Are You on Track for $4,194 in Social Security Benefits in 2022?

In 2022, the maximum Social Security benefit is going up. Retirees next year could receive as much as $4,194 per month. This would provide a relatively generous annual income of $50,328, considering the average Social Security benefit next year will be just $1,657.

Find out below how to get such a hefty Social Security check.

Image source: Getty Images.

What does your earnings record look like?

Your income is the single most important factor that determines if you’ll max out your Social Security or if you’ll fall short. To determine how much you’re entitled to, the Social Security Administration uses this formula:

It tracks your average wage throughout your career, giving you credit for income up to its so-called wage base limit.
It then adjusts your wages for inflation.
And it determines your monthly average wage, based on the 35 years your earnings were highest.

You then receive benefits equaling a percentage of your average monthly wage. But only wages up to the wage base limit count in this formula. That limit is why there’s a set maximum Social Security benefit. Otherwise, people who make millions of dollars a year would have a huge Social Security check.

To avoid this, the wage base limit sets a maximum countable (and taxable) wage each year. In 2022, it will be $147,000. Most people don’t earn that much, so the limit doesn’t affect them. Every dollar they earn counts toward the determination of their benefit. But if you want to be among the small percentage of people who max out Social Security checks, you’ll need to earn at least that amount in 2022 — as well as the inflation-adjusted equivalent every year for at least 35 years.

You can check your earnings record by opening a mySocialSecurity account.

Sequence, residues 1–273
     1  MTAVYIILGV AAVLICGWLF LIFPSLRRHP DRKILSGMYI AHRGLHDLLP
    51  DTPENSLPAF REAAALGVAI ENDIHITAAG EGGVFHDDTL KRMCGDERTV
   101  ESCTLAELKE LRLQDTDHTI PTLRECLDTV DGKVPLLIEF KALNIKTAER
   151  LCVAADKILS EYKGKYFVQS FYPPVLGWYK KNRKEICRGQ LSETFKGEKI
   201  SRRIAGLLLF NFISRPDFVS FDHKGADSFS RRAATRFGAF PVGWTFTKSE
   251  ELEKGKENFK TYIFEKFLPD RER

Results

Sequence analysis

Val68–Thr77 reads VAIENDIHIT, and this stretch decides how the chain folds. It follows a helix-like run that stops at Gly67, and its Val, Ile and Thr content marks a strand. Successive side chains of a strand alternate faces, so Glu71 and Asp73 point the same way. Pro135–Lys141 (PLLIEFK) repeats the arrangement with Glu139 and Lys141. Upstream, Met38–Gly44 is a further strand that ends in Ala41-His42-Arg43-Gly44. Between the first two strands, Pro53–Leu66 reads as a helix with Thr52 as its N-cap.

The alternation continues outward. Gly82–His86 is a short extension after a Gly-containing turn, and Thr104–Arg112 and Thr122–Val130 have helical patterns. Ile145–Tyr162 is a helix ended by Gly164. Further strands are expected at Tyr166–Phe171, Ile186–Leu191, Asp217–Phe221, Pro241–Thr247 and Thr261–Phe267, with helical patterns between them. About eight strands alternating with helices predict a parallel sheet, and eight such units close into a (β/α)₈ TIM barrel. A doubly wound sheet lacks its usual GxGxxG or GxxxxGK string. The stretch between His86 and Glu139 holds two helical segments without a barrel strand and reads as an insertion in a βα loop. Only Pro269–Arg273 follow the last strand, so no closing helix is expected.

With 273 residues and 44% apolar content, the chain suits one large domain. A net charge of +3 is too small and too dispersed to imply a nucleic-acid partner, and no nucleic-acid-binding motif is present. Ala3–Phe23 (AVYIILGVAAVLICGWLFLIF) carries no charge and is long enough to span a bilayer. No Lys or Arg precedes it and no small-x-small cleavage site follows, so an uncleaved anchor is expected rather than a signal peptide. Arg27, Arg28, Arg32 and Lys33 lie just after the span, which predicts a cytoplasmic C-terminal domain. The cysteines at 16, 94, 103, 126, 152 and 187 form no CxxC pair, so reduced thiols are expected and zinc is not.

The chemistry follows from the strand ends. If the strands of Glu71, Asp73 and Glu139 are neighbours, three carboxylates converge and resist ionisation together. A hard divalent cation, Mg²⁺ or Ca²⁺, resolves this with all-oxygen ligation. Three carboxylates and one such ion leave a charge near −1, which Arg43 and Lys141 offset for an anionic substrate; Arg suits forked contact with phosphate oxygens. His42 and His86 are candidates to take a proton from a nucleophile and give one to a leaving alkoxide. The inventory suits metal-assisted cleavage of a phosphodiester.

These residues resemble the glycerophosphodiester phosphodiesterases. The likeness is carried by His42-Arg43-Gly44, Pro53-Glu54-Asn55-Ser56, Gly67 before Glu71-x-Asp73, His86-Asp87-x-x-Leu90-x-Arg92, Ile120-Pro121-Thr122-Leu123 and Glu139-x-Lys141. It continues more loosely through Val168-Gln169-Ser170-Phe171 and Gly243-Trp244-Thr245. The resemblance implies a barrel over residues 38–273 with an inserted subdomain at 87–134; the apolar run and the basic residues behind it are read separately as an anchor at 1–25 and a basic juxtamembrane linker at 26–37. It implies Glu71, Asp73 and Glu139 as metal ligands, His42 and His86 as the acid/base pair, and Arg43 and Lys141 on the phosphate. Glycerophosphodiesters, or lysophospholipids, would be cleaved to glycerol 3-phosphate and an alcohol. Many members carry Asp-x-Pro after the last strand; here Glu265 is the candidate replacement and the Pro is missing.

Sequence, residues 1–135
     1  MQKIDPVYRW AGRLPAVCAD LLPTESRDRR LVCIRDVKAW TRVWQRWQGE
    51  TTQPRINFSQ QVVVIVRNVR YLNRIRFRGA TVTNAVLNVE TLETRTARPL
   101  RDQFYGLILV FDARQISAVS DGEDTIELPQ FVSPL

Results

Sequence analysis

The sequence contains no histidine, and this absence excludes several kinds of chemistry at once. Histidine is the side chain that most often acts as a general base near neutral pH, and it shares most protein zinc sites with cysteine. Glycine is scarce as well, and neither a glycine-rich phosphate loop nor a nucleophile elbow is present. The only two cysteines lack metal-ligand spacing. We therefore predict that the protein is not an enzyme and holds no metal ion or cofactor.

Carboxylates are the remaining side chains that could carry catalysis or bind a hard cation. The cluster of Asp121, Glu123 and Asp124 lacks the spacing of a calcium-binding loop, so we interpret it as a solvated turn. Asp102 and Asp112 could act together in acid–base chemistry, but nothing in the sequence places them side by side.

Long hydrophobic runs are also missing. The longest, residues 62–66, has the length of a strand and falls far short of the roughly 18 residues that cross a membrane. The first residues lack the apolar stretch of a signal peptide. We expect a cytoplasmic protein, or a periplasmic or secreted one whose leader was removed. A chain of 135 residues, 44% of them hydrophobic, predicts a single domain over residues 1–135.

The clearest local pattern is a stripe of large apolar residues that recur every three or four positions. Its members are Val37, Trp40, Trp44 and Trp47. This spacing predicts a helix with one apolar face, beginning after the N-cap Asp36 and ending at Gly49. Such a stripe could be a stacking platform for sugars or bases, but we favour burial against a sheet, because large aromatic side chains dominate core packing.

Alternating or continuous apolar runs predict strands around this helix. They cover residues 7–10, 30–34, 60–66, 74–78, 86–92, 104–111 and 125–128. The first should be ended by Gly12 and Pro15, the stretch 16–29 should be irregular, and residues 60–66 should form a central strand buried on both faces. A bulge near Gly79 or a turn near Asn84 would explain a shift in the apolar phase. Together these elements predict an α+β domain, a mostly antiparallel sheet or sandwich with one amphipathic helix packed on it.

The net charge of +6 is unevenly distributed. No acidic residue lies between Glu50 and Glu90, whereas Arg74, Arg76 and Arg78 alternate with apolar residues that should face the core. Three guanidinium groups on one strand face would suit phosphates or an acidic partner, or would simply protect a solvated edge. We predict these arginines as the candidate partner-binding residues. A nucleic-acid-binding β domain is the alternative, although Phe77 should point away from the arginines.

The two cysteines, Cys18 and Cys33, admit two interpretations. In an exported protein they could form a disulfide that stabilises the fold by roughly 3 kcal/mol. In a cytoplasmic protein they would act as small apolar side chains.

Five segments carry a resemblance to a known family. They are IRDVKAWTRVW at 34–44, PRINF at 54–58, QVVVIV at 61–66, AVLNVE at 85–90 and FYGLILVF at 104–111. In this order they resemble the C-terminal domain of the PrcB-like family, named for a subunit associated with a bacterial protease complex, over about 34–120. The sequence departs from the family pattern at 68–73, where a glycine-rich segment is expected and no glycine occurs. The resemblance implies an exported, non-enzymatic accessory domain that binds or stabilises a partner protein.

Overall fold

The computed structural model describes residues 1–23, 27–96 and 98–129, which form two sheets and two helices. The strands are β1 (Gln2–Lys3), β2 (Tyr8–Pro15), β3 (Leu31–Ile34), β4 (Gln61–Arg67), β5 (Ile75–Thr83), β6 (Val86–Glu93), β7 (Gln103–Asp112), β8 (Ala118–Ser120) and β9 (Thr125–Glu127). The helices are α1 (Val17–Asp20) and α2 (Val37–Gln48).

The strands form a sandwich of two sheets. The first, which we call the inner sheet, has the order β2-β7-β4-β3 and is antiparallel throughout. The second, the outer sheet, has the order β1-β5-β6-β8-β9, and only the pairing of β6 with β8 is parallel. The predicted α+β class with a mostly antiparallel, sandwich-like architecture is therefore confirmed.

When are you planning to claim Social Security benefits?

Your age when you first claim Social Security also determines if you are maxing out your benefits. That’s because the benefits formula mentioned above is used to determine what you’d get at a designated full retirement age, which will be between 66 and 4 months and 67 starting in 2022.

Benefits can be claimed between ages 62 and 70, but if you hope to get that maximum check mentioned about, you’re going to have to wait to claim until 70. Late filers get delayed retirement credits that boost their standard benefit to the highest level.

If you haven’t earned the inflation-adjusted equivalent of $147,000 for 35 years, you aren’t going to in the future, and you aren’t going to wait until 70 to claim Social Security, you aren’t on track for the max benefit in 2022.

You can still take steps to try to increase your Social Security checks, though, such as by waiting as long as possible to claim them and making sure you get your highest earnings possible in those 35 years that count when your benefit is set.

The $16,728 Social Security bonus most retirees completely overlook
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